The Olympic Hangover is running strong in the world of hockey. It seems like no amount of coffee is waking us up to the fact that the NHL is back on and the players are earning their paychecks once again. The fighting has returned. The real fourth lines have returned. GM Place is GM Place again. But after such a successful and thoroughly entertaining tournament, how many people are truly excited about regular-season hockey; and how many are just waiting for the second round of the playoffs to begin?
With one game left in the Olympic hockey tournament, it’s probably safe to say that we as fans are hungry for more of the Olympic style. The tournament in Vancouver over the past two weeks has shown us competitive game after competitive game, regardless of who the puck was dropping between, with fewer duds than anybody could have expected. We’ve seen upsets, comebacks, overtimes, and everything in between, and all of it without many of the things that plague the everyday NHL.
If you were asked to name the greatest players of all-time, would Joe Nieuwendyk make your list? He’s one of those players who played exactly at the right time in his era, and could carry a team if needed, but rarely did he need to. He was born and raised in the Durham Region just east of Toronto. Nieuwendyk was one of the best lacrosse players in his country before he turned his attention to the ice. He has enjoyed success at every level of the game, from NHL to internationally to the front office.
It was the match everybody wanted to see. Sort of. Team Canada took on the USA for gold in the women’s ice hockey and the Canadians prevailed for the third-straight Olympics, squeezing out a 2-0 win. The game packed Canada Hockey Place, and millions more tuned in to watch, but while the women delivered one of the most spectacular hockey games you’ll ever see, the long hair flowing under every helmet and facemasks covering eyes wearing eyeliner gave things a different feel.
Another record has been broken in Vancouver. Meghan Agosta, forward for Team Canada’s women’s ice hockey unit, has scored nine goals in four games for her country, breaking the record at the Olympics. Agosta scored a hat trick in Canada’s 18-0 win over Slovakia, two more in the 10-1 win over Switzerland, and another hat trick over Sweden 13-1. In the 5-0 semi-final win against Finland on Monday night, Agosta netted another goal to bring her running total to nine.
As the 2010 Winter Olympics in Vancouver roll on, it’s time to take a look at how things are going on the podium. We’re just past the halfway-point of the Games and the United States has a commanding lead in the medal count. The States have already amassed their third-highest medal total ever. They won 25 medals in Turin in 2006, and won 34 as hosts in Salt Lake City in 2002. With 24 medals so far, they are on pace to have their most successful Olympic Winter Games.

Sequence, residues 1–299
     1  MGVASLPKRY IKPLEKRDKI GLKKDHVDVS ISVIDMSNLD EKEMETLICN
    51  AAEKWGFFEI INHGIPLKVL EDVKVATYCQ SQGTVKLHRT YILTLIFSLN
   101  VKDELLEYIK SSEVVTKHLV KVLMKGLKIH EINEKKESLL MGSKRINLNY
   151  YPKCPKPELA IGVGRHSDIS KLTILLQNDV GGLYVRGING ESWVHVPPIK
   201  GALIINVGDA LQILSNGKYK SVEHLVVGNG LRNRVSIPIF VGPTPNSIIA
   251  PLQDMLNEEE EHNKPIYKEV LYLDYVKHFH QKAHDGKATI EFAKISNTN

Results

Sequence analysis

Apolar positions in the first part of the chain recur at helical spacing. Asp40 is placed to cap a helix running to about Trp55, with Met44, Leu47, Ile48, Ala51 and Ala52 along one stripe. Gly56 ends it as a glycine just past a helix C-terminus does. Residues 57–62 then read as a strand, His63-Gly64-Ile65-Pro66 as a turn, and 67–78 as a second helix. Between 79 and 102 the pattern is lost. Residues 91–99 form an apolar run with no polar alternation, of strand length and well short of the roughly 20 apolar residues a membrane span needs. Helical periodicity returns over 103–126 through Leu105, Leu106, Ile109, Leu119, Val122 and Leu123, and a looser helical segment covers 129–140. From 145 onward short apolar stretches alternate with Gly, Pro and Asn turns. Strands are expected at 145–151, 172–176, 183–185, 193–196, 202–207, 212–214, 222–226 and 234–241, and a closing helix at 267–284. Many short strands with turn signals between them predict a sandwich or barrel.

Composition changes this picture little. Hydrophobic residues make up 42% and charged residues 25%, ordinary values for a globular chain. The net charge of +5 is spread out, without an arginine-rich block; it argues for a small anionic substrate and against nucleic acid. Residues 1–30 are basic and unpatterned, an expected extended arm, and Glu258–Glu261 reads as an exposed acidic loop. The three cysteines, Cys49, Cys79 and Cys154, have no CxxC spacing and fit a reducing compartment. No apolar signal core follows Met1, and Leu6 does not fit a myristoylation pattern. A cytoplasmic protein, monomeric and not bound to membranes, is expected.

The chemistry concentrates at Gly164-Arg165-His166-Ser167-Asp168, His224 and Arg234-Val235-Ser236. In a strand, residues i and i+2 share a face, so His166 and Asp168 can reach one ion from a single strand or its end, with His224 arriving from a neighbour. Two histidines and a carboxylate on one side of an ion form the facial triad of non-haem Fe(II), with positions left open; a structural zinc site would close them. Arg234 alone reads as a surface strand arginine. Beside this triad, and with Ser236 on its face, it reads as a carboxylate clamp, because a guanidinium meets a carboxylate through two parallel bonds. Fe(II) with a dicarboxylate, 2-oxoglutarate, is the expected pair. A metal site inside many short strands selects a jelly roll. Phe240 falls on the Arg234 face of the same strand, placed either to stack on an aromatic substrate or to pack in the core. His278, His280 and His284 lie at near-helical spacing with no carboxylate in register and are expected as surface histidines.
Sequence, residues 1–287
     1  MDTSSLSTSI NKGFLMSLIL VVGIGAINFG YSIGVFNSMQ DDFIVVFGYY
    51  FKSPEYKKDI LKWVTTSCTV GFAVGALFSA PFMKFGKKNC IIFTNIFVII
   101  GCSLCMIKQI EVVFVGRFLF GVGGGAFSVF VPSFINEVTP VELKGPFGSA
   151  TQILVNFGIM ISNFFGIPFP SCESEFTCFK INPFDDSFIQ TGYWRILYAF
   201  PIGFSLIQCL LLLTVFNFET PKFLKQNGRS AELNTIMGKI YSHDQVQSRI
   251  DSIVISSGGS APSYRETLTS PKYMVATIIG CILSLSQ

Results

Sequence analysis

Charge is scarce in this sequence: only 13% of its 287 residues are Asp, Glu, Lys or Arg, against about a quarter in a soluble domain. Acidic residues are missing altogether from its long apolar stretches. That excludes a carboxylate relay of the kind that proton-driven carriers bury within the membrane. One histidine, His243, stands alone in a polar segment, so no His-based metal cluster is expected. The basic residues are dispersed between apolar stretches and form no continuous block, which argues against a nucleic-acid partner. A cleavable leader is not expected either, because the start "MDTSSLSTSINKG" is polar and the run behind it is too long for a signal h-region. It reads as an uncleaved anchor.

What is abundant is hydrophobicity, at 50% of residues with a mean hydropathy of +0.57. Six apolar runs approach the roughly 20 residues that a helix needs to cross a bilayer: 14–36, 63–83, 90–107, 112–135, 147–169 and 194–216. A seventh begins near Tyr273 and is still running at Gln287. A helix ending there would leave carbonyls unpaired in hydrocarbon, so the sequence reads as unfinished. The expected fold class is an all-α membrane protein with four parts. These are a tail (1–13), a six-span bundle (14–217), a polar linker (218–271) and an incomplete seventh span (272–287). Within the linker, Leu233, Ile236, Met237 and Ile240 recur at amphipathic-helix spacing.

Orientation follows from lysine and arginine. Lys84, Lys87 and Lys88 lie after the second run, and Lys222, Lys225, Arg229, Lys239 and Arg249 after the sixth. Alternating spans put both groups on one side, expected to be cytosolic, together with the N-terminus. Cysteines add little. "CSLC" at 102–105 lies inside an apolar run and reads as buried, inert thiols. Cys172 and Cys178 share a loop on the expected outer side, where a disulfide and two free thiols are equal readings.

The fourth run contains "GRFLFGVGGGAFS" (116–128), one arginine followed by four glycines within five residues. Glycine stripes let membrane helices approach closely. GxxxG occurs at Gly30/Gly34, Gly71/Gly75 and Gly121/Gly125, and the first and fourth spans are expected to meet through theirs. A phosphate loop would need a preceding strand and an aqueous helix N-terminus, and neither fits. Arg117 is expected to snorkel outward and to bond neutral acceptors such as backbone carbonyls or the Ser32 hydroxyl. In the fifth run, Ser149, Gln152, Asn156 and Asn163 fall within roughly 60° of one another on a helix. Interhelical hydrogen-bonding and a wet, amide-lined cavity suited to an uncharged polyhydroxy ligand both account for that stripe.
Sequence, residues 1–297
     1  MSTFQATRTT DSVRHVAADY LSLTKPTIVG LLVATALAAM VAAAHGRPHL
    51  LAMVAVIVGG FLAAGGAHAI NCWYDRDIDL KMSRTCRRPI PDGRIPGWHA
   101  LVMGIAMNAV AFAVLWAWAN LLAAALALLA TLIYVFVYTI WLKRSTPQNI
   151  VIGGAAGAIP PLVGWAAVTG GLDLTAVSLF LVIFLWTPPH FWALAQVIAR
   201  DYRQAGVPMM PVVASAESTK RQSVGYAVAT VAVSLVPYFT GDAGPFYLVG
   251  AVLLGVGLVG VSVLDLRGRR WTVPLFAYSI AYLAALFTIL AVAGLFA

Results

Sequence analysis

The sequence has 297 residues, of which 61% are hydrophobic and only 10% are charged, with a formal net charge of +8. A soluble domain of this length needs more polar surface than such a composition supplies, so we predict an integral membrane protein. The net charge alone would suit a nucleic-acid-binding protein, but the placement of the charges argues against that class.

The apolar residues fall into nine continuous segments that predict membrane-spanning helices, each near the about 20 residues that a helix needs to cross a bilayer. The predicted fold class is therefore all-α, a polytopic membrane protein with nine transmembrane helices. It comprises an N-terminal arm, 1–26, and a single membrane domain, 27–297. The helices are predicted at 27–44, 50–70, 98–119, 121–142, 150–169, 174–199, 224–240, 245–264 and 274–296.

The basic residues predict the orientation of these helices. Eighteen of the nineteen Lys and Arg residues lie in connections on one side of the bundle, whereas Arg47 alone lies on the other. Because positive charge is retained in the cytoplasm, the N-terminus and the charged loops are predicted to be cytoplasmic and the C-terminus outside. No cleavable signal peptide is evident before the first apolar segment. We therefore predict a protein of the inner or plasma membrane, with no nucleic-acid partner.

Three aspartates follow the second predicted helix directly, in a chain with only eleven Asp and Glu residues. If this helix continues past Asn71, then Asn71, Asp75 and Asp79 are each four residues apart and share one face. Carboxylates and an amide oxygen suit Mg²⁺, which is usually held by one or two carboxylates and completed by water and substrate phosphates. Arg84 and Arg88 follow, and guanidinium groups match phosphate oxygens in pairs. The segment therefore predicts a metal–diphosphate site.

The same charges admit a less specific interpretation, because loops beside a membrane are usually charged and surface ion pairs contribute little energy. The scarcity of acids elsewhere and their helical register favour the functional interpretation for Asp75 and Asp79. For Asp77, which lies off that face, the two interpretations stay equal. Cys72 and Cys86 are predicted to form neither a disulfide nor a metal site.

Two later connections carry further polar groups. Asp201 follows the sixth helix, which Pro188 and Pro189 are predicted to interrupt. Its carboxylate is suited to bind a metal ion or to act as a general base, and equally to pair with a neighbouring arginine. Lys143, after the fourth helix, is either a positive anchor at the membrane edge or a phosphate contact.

For some reason, there’s a lot of talk at the Olympics about whether or not NHL players should be part of the 2014 Winter Olympics in Sochi, Russia. Among many reasons is the argument that the Olympics are not meant for “professional” athletes, and NHLers are as professional as it gets in this competition. A little more than half of the men’s ice hockey players play in the NHL, and some of the teams are made up entirely of NHL players.
Now this is a tournament. Last night, the “unstoppable” Canadian men’s hockey team was almost defeated for the second time in two games by the Swiss team. They managed to pull off a shootout victory in a game that was supposed to be won by the end of the first period. This is the same story we’ve seen throughout the first few games of this Olympic tournament, and it couldn’t be more exciting to watch.
With the Olympics in full swing, the world has now got a taste of what the countries in the women’s ice hockey tournament are all about. Nothing too unexpected has happened so far. For the US team it’s business as usual, while the Canadian women have laid a beating on their competition so far. In their first game last Saturday, Canada broke their own Olympic record for goals by crushing Slovakia 18-0. It was a game that prompted many questions among the hockey world.
The men’s hockey teams are through with their initial practices and are ready for the most anticipated event at the Olympic Winter Games in Vancouver. With 12 nations competing in the tournament, all of them have some sort of experience on the smaller “North American” ice surface. While Canada (and by extension, the US) have a distinct advantage, there are many international players who are more accustomed to the small rink size than others. One of those is certainly a legend on the Russian team, former NHLer Sergei Fedorov.
© Gear Live Media, LLC. 2007 – User-posted content, unless source is quoted, is licensed under a Creative Commons Public Domain License. Gear Live graphics, logos, designs, page headers, button icons, videos, articles, blogs, forums, scripts and other service names are the trademarks of Gear Live Inc.